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Eur J Vasc Surg. 1994 May;8(3):320-5.

Correlation between peripheral vascular resistance and time to peak flow during reactive hyperaemia.

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  • 1Department of Surgery, Karolinska Hospital, Stockholm, Sweden.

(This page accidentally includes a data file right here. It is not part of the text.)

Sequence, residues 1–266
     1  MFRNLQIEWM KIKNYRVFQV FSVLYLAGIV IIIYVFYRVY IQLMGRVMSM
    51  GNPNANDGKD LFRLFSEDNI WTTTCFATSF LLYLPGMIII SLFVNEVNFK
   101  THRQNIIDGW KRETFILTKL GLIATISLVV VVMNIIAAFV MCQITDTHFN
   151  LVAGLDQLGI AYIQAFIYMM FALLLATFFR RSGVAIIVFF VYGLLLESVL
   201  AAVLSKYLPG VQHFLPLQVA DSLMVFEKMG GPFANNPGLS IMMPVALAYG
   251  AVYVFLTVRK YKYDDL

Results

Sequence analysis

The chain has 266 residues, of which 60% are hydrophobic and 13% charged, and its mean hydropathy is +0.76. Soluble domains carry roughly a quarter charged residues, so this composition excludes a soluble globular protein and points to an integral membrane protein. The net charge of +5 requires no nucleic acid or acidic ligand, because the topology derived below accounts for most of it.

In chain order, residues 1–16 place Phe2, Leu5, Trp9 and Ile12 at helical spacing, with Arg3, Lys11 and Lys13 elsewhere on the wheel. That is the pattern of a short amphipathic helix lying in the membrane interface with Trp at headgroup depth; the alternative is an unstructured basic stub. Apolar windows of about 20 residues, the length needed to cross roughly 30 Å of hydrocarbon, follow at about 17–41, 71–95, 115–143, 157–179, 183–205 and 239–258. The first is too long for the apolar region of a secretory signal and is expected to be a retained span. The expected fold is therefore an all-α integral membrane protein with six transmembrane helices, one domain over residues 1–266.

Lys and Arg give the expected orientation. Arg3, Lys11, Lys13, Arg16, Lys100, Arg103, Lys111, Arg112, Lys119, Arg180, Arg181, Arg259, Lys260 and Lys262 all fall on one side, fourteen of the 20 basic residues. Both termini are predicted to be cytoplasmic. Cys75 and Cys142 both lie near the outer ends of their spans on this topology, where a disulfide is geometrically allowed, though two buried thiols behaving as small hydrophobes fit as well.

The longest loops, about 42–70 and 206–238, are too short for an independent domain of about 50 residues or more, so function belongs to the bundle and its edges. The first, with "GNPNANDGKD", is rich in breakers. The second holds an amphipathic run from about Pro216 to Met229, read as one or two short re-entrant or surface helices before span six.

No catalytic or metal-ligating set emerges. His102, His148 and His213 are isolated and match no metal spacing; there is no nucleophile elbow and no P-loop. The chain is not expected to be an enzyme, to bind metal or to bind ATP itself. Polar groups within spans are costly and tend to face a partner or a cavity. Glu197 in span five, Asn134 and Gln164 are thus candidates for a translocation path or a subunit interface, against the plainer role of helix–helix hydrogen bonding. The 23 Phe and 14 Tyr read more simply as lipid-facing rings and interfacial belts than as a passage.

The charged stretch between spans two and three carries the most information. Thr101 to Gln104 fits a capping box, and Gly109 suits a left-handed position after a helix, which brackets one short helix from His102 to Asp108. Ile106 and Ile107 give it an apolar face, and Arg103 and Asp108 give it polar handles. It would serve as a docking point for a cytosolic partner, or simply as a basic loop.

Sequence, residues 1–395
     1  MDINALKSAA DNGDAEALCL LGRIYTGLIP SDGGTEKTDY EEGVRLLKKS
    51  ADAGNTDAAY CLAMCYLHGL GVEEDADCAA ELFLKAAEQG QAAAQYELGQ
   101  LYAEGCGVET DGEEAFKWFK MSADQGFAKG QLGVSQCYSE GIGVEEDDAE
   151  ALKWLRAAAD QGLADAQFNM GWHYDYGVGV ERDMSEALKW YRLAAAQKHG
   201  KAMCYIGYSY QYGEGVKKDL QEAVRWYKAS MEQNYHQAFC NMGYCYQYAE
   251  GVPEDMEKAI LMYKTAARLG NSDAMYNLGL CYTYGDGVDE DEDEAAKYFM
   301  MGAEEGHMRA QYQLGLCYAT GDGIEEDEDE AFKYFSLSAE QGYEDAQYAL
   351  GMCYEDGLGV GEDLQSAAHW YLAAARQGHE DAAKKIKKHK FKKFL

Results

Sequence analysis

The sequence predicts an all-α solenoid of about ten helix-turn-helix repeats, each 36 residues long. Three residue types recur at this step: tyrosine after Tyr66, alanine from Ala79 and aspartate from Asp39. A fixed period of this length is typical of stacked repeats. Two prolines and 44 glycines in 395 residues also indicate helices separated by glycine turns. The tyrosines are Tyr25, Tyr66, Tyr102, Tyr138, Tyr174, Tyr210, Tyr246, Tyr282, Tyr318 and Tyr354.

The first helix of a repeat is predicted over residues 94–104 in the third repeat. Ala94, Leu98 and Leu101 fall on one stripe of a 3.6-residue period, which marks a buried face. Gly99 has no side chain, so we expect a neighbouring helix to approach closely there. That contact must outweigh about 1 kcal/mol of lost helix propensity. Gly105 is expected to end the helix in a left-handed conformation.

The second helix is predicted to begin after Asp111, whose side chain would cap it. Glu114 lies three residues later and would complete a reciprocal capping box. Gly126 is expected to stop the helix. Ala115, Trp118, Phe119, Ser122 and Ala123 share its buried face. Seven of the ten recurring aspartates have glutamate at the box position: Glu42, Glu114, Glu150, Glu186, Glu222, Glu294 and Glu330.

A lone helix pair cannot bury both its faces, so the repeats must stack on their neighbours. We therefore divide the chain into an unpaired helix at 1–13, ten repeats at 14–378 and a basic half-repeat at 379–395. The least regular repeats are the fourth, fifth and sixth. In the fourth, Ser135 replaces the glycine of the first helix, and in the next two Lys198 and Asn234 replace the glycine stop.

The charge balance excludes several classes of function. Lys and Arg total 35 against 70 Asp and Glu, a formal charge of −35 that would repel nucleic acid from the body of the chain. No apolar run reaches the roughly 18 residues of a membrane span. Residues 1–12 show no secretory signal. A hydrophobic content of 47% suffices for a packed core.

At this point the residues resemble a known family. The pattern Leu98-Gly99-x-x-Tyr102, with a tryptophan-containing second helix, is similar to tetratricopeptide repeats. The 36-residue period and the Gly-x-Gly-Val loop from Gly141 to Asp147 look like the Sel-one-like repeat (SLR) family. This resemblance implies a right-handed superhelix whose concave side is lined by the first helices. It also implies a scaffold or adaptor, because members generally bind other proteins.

Earlier studies have proposed that the time to reach peak hyperaemic flux recorded with laser Doppler (tp) is a simple and accurate method of evaluating ischaemic limbs and possibly a method of estimating the peripheral vascular resistance (PR). The aim of this study was to investigate the relationship between the tp and changes in limb vascular resistance caused by arterial stenosis. Forty postocclusive hyperaemia tests with arterial stenoses of different pressure gradients were performed in four pigs. A laser Doppler fluxmeter was used to record postocclusive hyperaemia in the skin of one hind limb. A specially designed tourniquet was used for the arterial occlusion. Proximal and distal to the occlusion level a snare was used to form different grades of stenosis. The PR ( was either estimated by infusion of a known blood volume into the tested limb over a given time period with simultaneous measurement of pressure or calculated on the basis of measurements of limb blood flow and blood pressure gradients. The tp was closely related to total limb vascular resistance assessed by the blood infusion method (r = 0.83, p < 0.0003) and to the resistance calculated from volume blood flow and intraarterial pressures (r = 0.86, p < 0.0001). This study suggests that the tp accurately reflects limb vascular resistance in an experimental model. Thus tp may be used as a quantitative indicator of overall blood flow impairment, and should be evaluated in patients with lower-limb atherosclerosis.

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